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|Written by||Helen Eaton|
|Read by||Helen Eaton|
|Edited by||Cornelius Wilkening|
What did you think would happen when you sat down to watch Firefly for the first time? Did you expect simply to enjoy being entertained for a while and that would be it? That was certainly my expectation, and I imagine I’m not alone in this. But when I first watched Firefly, I started a journey that would take me places I was not expecting to go. I had absolutely no idea that a television series could, and would, end up having such an impact on my life.
Now, before I go any further, I should clarify that Firefly has not changed the core (so to speak) of my life. I still have the same belief system, do the same job for the same reason, have the same relationships with family and friends, and so on. But what it has changed is the way I spend my leisure time, and it’s changed it in a good way, introducing me to things that I would never have tried, or perhaps would have got to much later, without Firefly as a way in.
Let’s start with the wonderful world of podcasts. The Signal was the first podcast I ever listened to and I find it hard now to remember what bus journeys, house cleaning and cooking were like without podcasts to keep me company. Prior to discovering The Signal and Firefly Talk, my impression of fan-created content was that it was simply celebrity-obsessed websites and dodgy fanfiction. I was surprised and happy to discover that amateur-made podcasts could be so, well, professional.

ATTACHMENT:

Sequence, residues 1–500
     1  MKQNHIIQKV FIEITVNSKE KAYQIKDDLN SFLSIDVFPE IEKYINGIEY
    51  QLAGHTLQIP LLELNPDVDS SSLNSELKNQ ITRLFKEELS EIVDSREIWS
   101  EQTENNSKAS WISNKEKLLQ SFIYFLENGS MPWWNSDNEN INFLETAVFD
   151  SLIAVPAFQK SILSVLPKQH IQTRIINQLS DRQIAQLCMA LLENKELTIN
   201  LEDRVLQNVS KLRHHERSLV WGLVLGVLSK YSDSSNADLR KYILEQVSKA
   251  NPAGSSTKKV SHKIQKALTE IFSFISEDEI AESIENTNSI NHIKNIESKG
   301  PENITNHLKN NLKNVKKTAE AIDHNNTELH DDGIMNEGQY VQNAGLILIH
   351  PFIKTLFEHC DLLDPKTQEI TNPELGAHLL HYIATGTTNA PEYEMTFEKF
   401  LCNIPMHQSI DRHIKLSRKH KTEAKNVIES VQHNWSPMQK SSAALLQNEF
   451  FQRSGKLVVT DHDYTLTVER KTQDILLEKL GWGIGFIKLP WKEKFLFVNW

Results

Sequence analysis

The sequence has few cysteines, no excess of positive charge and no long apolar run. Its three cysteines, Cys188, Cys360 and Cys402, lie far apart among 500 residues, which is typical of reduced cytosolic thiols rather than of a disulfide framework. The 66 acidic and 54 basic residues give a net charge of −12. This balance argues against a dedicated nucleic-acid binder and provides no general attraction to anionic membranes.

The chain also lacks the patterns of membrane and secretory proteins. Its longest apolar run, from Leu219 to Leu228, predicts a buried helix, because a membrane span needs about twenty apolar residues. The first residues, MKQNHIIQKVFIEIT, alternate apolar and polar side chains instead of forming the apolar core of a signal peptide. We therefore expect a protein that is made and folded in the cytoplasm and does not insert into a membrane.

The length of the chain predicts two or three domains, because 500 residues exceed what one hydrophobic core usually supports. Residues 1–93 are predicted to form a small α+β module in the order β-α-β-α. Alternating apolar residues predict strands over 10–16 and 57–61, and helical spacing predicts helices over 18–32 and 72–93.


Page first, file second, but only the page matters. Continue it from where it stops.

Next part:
As I continued my journey into the fandom, I started to pay attention to the music that was being created in response to Firefly and Serenity. I learned a new word, “filk”, and discovered some musicians that I now count as among my favourites. I also followed some trails further afield and found that the non-filk recommendations of fellow Browncoats led me to some more great music. As I check my most played tracks now, I realise that 24 out of 25 are either directly or indirectly related to the ‘verse.
Recommendations from Browncoats regarding books and television series also led me in some great directions. It’s of course not the case that all Browncoats have the same taste, but in my experience, the likelihood of agreeing with each other’s recommendations is a lot higher than chance. As an example, having heard Orson Scott Card interviewed expressing his appreciation for the storytelling in Firefly, I decided to try one of his books, thinking that an author who recognised great storytelling might well be a great storyteller himself. Happily, I discovered this to be true.
I’ve had a particularly high success rate with recommendations from fellow Signal crew members. Nick mentioned in passing how he enjoyed Larry Niven’s work so when I got the chance, I picked up Ringworld, and loved it. Miranda’s enthusiasm for Chuck and Castle got me into those series and Jill’s review of Odyssey 5 back in season 3 of The Signal encouraged me to pick that up. I now have a list as long as my leg of DVDs to buy and it will be a long time before I’m at a loss for what to try next.
I imagine my experiences may sound familiar to many of you listening, but if you haven’t set out on this kind of journey and would like to, why not start by reading some of the relevant posts over at The Signal forum? In my experience, it’s a journey worth taking.